if (error != CL_SUCCESS ) {
    perror("Unable to obtain device info for param\n");
    return;
  }

  /* 
    The cl_device_info are preprocessor directives defined in cl.h
  */

  switch (param_name) {
    case CL_DEVICE_TYPE: {
            cl_device_type* devType = (cl_device_type*)
                        alloca(sizeof(cl_device_type) * paramSize);
            error = clGetDeviceInfo( id, param_name, paramSize, devType, NULL );

            if (error != CL_SUCCESS ) {
                perror("Unable to obtain device info for param\n");
                return;
            }

            switch (*devType) {
              case CL_DEVICE_TYPE_CPU : 
                   printf("CPU detected\n");break;
              case CL_DEVICE_TYPE_GPU : 
                   printf("GPU detected\n");break;
              case CL_DEVICE_TYPE_DEFAULT : 
                   printf("default detected\n");break;
            }
            }break;

     // omitted code – refer to source "device_details.c"
   } //end of switch
}

On UNIX platforms, you can compile device_details.c by running this command on your terminal:

gcc -std=c99 -Wall -DUNIX -g -DDEBUG -DAPPLE -arch i386 -o device_details device_details.c   -framework OpenCL

And a binary executable named device_details should be deposited locally on your machine.

When you execute the binary executable depending on your machine's setup, you will see varying results. But on my OSX platform here is the output when executed on a machine with Intel Core i5 processor with a NVIDIA mobile GPU GT330m (extensions are highlighted):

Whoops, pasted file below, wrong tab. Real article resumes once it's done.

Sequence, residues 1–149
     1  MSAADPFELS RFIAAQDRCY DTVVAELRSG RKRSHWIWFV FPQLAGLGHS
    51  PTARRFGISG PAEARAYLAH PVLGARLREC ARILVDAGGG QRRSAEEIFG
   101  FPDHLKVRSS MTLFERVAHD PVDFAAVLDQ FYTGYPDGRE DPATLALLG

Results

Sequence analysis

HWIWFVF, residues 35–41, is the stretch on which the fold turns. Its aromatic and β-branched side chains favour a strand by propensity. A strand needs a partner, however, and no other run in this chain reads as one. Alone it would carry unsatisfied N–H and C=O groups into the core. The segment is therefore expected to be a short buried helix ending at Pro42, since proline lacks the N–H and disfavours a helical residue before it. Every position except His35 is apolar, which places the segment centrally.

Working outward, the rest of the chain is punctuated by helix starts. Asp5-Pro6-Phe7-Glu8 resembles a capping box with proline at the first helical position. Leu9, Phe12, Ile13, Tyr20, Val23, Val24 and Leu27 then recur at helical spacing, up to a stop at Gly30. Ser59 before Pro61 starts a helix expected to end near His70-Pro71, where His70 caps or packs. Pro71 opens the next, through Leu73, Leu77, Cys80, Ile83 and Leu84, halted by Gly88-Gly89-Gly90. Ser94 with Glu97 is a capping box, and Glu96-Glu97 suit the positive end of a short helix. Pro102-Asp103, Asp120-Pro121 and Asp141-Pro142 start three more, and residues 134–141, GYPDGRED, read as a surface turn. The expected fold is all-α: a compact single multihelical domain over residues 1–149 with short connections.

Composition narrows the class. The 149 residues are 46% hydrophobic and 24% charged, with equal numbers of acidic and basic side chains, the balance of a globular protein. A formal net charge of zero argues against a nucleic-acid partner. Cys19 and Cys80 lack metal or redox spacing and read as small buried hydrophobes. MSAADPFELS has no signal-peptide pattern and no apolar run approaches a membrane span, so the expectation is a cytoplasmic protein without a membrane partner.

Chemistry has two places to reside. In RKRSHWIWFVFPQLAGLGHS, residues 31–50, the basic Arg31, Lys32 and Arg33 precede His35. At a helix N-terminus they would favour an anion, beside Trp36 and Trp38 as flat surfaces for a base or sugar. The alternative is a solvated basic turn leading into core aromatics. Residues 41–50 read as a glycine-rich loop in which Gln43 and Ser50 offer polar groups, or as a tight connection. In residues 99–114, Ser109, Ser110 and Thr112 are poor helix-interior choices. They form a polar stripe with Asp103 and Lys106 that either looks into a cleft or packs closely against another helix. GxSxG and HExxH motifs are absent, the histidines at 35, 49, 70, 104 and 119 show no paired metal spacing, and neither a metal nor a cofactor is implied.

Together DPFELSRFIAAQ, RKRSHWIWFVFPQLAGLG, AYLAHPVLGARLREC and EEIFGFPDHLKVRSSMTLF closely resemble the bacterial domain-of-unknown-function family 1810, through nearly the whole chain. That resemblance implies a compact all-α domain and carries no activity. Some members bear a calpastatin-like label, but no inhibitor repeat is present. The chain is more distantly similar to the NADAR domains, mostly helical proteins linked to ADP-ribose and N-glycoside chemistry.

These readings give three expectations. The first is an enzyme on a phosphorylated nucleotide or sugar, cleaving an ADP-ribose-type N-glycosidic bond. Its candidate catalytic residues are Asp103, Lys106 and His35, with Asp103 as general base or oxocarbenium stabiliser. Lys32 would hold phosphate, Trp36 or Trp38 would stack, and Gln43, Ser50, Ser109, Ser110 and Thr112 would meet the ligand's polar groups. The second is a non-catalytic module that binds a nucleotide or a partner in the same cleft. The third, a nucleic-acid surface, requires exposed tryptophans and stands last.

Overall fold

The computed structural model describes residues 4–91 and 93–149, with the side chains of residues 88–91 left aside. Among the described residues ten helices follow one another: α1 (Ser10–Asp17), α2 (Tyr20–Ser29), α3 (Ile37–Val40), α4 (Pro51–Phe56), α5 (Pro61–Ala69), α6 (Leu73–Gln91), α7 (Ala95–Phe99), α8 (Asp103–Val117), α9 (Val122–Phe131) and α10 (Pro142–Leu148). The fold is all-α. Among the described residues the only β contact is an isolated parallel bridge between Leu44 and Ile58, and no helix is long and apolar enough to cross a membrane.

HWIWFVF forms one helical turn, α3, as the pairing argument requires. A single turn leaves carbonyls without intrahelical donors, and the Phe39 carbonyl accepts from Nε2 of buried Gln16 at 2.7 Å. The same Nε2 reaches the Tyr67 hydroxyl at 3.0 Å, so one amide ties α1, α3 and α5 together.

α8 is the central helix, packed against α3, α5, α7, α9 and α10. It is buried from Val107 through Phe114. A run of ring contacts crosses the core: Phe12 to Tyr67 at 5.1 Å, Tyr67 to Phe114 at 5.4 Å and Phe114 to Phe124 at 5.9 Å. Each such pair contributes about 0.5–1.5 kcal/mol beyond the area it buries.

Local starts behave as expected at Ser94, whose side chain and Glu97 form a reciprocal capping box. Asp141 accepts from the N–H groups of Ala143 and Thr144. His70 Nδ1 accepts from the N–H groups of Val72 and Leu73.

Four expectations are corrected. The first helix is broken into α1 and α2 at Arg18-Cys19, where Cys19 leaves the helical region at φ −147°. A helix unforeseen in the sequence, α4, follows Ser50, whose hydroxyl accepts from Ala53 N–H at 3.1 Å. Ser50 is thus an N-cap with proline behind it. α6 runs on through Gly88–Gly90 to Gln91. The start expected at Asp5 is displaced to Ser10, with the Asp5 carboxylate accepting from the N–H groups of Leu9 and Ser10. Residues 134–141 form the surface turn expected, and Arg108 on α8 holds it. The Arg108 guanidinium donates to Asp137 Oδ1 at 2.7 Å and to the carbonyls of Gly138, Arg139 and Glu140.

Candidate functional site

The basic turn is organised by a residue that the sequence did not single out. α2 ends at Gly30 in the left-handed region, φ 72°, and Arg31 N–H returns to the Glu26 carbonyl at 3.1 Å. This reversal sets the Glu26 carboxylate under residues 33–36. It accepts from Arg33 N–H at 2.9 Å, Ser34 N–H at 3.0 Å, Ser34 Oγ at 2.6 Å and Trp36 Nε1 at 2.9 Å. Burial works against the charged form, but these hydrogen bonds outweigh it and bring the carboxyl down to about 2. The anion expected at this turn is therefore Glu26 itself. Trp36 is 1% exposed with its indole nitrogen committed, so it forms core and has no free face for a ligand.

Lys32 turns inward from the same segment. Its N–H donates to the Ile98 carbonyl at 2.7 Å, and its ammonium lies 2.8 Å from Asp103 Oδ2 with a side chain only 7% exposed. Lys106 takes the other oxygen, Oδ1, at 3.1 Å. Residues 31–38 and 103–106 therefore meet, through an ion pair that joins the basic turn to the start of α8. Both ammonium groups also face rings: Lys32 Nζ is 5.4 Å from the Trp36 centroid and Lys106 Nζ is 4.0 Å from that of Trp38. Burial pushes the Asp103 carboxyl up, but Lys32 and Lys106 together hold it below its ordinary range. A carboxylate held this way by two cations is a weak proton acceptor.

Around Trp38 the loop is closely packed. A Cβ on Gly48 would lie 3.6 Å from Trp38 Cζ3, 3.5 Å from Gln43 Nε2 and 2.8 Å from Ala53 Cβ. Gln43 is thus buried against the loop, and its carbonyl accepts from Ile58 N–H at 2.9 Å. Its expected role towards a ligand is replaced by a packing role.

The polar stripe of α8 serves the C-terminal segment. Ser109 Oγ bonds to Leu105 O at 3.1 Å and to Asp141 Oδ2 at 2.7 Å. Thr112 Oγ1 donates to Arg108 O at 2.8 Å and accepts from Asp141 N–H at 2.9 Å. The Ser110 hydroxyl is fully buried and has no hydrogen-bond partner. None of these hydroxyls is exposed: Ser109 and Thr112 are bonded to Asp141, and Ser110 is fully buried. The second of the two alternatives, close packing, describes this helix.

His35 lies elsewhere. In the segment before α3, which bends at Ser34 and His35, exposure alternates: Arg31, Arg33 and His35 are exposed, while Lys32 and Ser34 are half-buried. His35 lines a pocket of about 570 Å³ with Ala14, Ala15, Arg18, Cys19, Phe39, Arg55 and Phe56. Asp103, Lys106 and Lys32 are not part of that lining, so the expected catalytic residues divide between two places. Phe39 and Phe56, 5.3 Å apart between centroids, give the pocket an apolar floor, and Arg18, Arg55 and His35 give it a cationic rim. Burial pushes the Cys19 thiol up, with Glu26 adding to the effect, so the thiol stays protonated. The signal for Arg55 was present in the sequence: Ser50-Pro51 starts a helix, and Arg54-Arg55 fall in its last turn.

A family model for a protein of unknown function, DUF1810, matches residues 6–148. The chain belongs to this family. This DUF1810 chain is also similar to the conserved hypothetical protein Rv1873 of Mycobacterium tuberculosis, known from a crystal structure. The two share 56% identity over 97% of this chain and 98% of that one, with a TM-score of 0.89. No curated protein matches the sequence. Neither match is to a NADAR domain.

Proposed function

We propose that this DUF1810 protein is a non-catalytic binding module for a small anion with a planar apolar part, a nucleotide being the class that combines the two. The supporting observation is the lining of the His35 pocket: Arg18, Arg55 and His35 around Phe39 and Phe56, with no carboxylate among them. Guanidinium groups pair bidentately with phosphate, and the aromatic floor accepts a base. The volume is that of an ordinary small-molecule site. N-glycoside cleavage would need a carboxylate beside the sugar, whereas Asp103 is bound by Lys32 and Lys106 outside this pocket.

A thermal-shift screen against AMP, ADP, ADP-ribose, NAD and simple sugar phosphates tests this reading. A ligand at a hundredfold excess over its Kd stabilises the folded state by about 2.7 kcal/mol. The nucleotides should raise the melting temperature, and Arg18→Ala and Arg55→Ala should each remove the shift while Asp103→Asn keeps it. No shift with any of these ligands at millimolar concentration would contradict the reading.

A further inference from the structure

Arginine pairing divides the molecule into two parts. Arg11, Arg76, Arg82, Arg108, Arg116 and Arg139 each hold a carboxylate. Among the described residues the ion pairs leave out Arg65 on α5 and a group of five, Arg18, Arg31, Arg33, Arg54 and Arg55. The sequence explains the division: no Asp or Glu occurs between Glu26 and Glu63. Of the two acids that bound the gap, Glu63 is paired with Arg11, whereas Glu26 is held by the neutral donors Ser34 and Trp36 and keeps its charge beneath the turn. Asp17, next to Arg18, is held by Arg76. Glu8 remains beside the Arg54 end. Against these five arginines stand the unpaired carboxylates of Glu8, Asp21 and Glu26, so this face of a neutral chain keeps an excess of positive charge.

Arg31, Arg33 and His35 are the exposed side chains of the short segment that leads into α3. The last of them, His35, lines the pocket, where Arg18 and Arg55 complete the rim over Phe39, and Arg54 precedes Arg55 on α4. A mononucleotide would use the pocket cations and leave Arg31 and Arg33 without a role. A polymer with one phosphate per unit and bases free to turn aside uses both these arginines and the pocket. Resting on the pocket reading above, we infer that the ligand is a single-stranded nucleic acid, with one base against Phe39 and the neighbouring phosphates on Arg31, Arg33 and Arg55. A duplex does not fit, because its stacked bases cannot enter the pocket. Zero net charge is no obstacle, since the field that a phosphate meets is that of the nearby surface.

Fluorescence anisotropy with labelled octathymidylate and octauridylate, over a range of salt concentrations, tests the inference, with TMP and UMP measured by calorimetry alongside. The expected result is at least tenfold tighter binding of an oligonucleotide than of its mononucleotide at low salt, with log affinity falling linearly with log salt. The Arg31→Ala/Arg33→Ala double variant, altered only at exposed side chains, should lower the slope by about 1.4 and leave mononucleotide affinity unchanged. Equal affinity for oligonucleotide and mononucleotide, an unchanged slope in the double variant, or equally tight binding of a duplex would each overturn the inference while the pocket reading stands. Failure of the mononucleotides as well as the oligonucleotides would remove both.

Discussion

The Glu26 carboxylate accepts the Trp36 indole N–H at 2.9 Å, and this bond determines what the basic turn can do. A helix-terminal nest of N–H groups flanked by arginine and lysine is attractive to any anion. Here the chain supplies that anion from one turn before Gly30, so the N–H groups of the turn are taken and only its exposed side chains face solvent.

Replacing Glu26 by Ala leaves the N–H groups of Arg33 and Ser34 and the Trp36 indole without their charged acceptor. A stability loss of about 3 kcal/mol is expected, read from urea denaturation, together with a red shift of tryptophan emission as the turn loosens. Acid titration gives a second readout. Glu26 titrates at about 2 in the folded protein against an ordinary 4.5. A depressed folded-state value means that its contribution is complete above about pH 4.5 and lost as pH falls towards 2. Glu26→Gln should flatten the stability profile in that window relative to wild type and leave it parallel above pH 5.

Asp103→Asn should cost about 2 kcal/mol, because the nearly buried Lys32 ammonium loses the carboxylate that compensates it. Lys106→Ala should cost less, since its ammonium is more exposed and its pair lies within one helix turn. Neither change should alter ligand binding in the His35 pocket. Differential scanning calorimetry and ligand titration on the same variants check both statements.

Number of OpenCL platforms found: 1
CL_PLATFORM_PROFILE: FULL_PROFILE
CL_PLATFORM_VERSION: OpenCL 1.0 (Dec 23 2010 17:30:26)
CL_PLATFORM_NAME: Apple
CL_PLATFORM_VENDOR: Apple
CL_PLATFORM_EXTENSIONS: 
Number of detected OpenCL devices: 2
GPU detected
  VENDOR ID: 0x1022600
  Maximum number of parallel compute units: 6
  Maximum dimensions for global/local work-item IDs: 3
  Maximum number of work-items in each dimension: 512
  Maximum number of work-items in a work-group: 512
CPU detected
  VENDOR ID: 0x1020400
  Maximum number of parallel compute units: 4
  Maximum dimensions for global/local work-item IDs: 3
  Maximum number of work-items in each dimension: 1
  Maximum number of work-items in a work-group: 1

Don't worry too much if the information doesn't seem to make sense right now, the subsequent chapters will reveal all.

How it works…

Leveraging the work we did in the previous section, now we have made use of the platform via clGetPlatformInfo, that was detected to query for the devices attached. This time, we used new API functions, clGetDeviceIDs and clGetDeviceInfo. The former attempts to uncover all the basic information about the devices attached to the given platform, and we use clGetDeviceInfo to iterate through the results to understand more about their capabilities. This information is valuable when you are crafting your algorithm and is not very sure about what device it's going to be run on. Considering that OpenCL supports various processors, it's a good way to write portable code.

There is actually a lot more information you can derive from your device and I'd strongly suggest you to refer http://www.khronos.org/registry/cl/sdk/2.0/docs/man/xhtml/ and look at the main page for clGetDeviceInfo.

Now that we've understood how to query the platform and the attached devices, we should take a look at how to query OpenCL extensions. The extensions allow the vendor to define additional capabilities that's delivered with the OpenCL compliant device, which in turn allows you, the programmer, to utilize them.

 

Querying for OpenCL device extensions